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Abstract Details

Combatting “Neurophobia”: A Proposed Preliminary Educational Model to Promote “Neurophilia”
Education, Research, and Methodology
P10 - Poster Session 10 (11:45 AM-12:45 PM)
When we reflect on medical education as a whole, novelty in structure and content promotes growth and enhances student outcomes. The teaching of neurology is no different and presents a more unique hurdle in its instruction considering the well-described phenomenon of “neurophobia”. With the burden of neurological diseases on the rise, there is a heightened demand on medical educators to understand the possible causes of this educational misalignment and implement solutions necessary to ensure adequate education of students.
How can we promote neurology education to undergraduate medical students considering the educational phenomenon of "neurophobia"? We hypothesize that by utilizing a unique neurology curriculum for preclinical year (2nd year) students, we can increase student performance and favorability towards the specialty of neurology.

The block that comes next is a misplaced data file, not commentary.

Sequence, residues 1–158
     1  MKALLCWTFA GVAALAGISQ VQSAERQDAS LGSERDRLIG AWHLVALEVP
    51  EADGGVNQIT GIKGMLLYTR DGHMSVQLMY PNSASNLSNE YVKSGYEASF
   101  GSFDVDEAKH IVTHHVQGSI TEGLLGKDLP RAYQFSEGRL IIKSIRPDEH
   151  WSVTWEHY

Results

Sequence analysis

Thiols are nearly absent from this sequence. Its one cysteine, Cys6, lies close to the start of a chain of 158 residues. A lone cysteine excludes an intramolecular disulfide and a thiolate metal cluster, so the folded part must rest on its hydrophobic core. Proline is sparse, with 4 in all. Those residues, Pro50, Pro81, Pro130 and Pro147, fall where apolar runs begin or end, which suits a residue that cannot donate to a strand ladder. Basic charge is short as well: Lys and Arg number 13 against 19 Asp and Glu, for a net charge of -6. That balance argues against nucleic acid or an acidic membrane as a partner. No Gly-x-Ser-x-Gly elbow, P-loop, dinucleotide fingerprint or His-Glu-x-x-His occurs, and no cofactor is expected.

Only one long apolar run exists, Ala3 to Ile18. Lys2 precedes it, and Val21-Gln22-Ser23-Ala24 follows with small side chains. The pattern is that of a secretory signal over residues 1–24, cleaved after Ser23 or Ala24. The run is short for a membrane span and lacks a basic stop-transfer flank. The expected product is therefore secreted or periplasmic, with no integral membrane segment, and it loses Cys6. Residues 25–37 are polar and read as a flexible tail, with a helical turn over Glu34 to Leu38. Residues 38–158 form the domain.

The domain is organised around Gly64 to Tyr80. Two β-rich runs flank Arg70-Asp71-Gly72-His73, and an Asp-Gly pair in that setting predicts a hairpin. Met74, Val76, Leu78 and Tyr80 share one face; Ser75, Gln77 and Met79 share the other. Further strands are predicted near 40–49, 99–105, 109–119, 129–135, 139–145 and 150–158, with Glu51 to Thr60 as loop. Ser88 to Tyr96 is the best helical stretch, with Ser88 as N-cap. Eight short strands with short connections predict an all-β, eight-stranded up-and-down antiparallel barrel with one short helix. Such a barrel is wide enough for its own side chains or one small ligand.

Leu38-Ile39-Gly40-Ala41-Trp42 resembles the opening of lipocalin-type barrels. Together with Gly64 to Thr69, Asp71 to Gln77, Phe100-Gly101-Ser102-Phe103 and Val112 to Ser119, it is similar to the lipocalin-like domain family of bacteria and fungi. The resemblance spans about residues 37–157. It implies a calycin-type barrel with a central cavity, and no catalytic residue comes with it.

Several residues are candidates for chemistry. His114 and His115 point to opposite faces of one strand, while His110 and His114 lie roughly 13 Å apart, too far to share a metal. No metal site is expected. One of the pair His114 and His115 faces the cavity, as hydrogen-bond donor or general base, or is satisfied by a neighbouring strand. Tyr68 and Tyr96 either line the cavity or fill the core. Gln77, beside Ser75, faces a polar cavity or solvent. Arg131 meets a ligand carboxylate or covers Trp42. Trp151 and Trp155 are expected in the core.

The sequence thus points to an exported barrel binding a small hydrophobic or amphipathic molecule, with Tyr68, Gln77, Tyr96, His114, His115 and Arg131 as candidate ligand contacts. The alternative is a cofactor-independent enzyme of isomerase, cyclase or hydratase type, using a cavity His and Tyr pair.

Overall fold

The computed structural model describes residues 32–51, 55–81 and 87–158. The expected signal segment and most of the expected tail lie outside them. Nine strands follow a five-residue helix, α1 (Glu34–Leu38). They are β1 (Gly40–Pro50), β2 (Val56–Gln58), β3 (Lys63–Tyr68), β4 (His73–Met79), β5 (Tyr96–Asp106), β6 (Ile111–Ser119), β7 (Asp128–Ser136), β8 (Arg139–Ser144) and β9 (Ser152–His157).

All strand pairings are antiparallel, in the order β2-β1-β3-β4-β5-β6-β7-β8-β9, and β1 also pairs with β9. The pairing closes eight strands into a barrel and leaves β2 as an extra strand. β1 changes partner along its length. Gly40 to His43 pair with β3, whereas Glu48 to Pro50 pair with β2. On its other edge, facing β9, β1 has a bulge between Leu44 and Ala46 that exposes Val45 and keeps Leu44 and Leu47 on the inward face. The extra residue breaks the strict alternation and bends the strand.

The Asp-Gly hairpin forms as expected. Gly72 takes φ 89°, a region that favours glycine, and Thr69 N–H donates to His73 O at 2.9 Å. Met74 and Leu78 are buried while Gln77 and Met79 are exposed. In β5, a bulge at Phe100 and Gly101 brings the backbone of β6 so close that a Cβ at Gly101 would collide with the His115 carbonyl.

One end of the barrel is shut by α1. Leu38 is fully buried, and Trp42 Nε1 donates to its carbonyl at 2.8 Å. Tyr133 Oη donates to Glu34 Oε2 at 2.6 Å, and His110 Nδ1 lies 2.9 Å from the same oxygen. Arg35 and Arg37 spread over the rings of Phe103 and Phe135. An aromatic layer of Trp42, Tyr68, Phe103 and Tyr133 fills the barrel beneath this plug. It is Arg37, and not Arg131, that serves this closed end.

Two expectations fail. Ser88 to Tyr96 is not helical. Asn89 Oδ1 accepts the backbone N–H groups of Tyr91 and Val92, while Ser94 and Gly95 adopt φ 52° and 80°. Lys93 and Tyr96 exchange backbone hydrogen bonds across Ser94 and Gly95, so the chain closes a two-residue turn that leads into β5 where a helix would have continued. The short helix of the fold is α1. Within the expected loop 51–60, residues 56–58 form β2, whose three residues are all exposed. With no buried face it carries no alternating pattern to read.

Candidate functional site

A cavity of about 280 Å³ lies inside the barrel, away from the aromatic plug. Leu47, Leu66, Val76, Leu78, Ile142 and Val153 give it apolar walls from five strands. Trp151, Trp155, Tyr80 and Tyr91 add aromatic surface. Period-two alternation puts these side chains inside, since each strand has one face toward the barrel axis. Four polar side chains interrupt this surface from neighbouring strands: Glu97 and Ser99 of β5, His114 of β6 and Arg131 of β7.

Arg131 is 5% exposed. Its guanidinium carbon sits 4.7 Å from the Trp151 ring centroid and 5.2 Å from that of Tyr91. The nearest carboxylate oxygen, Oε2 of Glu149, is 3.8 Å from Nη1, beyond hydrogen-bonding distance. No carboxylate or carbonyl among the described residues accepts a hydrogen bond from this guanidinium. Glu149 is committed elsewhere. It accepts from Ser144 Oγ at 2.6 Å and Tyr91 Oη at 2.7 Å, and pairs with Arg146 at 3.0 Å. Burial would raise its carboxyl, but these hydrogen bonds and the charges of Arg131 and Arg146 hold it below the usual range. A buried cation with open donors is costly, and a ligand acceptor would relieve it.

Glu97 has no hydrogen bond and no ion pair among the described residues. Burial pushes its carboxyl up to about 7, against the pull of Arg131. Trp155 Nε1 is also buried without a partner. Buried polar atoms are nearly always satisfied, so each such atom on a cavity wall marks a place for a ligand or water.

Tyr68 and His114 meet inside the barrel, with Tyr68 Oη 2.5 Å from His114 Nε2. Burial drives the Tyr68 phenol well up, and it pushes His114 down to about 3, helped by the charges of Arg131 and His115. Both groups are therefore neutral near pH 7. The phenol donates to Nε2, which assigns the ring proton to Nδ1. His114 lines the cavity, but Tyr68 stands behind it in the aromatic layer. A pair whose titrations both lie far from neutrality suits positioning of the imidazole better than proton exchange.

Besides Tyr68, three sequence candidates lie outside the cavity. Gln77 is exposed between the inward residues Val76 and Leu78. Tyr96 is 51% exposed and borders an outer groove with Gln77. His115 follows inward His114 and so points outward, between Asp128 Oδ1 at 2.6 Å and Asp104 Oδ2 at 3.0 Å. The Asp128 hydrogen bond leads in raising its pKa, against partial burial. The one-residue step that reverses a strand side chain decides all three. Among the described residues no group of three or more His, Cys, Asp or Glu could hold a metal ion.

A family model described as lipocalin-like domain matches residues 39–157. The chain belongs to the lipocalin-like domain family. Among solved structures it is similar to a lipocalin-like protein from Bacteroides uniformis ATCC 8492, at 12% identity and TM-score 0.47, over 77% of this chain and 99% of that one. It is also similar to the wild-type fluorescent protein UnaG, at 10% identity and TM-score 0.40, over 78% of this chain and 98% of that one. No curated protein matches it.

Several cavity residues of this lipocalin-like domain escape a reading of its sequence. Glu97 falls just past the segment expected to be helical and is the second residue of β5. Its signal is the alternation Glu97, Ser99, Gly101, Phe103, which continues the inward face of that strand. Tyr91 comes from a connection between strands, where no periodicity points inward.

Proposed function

We describe a novel approach to neurology education for 2nd year medical students to stimulate "neurophilia", incorporating evidence-based approaches within identified areas to combat "neurophobia"—Active Learning Pedagogies, Diagnostic and Clinical Reasoning, Use of Technology, Field Exposure and Mentorship, and Innovation.
Students demonstrated superior academic performance on the National Board of Medical Examiners (NBME) neurology assessments, and general positive feedback to the use of the innovative approaches to teaching and learning.

Overall, we propose this method of teaching neurology as a successful model educational platform that incorporates the areas needed to reduce “neurophobia” and promote “neurophilia”.

Richard I. Suarez
Mr. Suarez has nothing to disclose.
Jenny Fortun (Herbert Wertheim College of Medicine Florida International University) No disclosure on file